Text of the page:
Refugees: Afghanistan

Home Office written question – answered on 28th July 2022.

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Photo of Alison McGovern Alison McGovern Shadow Minister (Work and Pensions)

To ask the Secretary of State for the Home Department, how many Afghan refugees remain in hotels following their arrival in the UK in summer 2021.

Photo of Alison McGovern Alison McGovern Shadow Minister (Work and Pensions)

To ask the Secretary of State for the Home Department, how many Afghan refugees have found permanent accommodation since arriving in the UK following the Taliban taking control of Afghanistan.

Photo of Alison McGovern Alison McGovern Shadow Minister (Work and Pensions)

To ask the Secretary of State for the Home Department, what the cost to the public purse is of temporary housing for Afghan refugees.

Photo of Kevin Foster Kevin Foster The Parliamentary Under-Secretary of State for the Home Department

In 2021, the UK Government undertook the biggest and fastest emergency evacuation in recent history, helping over 15,000 people to safety from Afghanistan. Since the end of Op PITTING, we have brought a further c.4,000 Afghans to the UK. Due to the scale and pace of the evacuation we were not able to source appropriate accommodation in the normal way, so we have had to use hotels as a temporary measure.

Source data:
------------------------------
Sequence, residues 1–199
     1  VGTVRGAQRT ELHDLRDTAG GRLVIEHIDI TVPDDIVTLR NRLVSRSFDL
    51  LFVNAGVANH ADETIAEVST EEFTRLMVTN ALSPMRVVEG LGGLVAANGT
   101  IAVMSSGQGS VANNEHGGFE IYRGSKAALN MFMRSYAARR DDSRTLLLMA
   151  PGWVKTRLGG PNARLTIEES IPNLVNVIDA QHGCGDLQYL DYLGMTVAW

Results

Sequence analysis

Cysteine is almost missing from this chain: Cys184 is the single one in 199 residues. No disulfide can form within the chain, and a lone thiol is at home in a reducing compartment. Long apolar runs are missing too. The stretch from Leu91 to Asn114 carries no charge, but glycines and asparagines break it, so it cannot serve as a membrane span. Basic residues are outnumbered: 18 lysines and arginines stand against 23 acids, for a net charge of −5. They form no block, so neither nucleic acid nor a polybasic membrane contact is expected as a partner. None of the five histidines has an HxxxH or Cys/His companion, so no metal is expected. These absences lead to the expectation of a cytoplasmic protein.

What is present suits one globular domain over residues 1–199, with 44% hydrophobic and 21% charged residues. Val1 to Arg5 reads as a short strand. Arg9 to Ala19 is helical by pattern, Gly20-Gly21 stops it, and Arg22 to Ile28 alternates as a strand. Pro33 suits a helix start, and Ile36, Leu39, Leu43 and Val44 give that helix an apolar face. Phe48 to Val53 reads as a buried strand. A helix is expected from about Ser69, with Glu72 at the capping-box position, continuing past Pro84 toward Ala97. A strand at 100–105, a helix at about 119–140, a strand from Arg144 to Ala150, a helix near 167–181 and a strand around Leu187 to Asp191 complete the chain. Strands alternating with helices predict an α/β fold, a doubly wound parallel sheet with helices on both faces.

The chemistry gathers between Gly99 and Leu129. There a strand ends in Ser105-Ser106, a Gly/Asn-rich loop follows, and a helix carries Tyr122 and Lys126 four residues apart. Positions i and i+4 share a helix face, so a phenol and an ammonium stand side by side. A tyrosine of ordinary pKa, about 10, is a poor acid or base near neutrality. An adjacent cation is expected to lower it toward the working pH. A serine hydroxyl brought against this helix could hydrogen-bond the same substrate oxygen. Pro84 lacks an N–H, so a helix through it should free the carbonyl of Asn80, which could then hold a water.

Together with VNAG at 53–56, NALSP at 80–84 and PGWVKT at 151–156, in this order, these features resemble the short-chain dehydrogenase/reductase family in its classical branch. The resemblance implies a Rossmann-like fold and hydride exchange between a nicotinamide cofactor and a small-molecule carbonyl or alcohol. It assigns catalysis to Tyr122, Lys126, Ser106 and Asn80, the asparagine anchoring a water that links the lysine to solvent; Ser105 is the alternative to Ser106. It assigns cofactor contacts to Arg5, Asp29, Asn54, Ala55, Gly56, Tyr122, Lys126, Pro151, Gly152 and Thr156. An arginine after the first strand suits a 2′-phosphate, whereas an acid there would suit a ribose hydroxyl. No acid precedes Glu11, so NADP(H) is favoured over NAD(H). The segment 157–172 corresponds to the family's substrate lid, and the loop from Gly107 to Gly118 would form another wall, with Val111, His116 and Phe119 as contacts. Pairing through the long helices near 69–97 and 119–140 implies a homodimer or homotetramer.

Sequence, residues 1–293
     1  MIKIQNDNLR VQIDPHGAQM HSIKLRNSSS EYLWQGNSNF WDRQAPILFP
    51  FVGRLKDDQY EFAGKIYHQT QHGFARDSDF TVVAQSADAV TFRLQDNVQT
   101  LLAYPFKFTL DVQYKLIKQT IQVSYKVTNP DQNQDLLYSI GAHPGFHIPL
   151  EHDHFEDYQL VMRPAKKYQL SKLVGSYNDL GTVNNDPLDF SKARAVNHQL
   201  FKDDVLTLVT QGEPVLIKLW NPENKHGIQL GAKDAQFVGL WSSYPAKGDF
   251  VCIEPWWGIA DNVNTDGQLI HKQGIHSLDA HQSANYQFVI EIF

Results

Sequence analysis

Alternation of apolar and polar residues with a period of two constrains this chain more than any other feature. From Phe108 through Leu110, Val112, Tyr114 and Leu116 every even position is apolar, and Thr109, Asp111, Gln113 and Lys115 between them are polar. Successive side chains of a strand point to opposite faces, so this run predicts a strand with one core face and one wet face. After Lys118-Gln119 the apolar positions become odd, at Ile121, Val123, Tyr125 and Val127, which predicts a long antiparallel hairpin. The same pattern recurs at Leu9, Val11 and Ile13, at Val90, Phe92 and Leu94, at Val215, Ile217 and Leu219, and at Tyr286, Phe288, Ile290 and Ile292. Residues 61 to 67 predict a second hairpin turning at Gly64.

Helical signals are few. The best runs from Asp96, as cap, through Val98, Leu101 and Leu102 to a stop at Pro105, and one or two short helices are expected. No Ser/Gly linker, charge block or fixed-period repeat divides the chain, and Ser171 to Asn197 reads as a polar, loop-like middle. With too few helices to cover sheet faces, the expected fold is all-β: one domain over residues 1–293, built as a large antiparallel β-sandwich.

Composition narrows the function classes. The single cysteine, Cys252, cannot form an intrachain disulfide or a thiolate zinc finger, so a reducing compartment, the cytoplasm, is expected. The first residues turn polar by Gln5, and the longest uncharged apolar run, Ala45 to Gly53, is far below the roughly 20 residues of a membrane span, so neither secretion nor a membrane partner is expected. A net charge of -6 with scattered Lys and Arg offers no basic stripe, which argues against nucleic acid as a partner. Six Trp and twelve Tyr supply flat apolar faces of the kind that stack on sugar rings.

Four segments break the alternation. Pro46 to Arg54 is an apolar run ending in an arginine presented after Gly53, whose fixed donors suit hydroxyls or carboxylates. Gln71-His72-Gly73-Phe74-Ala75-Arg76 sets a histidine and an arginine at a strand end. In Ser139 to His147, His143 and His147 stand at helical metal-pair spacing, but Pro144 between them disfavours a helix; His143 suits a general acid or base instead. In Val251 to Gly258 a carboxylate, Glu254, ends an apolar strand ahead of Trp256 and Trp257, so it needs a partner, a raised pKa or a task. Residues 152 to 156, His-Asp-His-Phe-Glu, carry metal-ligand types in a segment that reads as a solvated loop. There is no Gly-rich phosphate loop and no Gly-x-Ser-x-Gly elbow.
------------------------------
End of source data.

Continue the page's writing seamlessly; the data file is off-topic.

As of 18 July 2022, we are currently providing temporary accommodation for c.9,500 individuals resettling in the UK under the Afghan Relocation and Assistance Policy (ARAP) or Afghan Citizen Resettlement Scheme (ACRS), whilst they await permanent accommodation.

Over 7000 Afghans have already moved or are in the process of being moved into their permanent accommodation. In addition to the work, we are doing to provide appropriate accommodation for Afghans, a number of families have, in recent months, taken steps to secure their own accommodation.

The cost of accommodating those resetting under ACRS or ARAP, whilst they await permanent accommodation, is estimated at £1 million a day. The Home Office works to secure contracts which offer the best value for money, whilst providing an appropriate level of support to those under its care.

We do not want to see Afghan families in temporary accommodation for any longer than is absolutely necessary. We are therefore working with local authorities across the UK to identify more opportunities for those being housed in bridging hotels to move into permanent accommodation.

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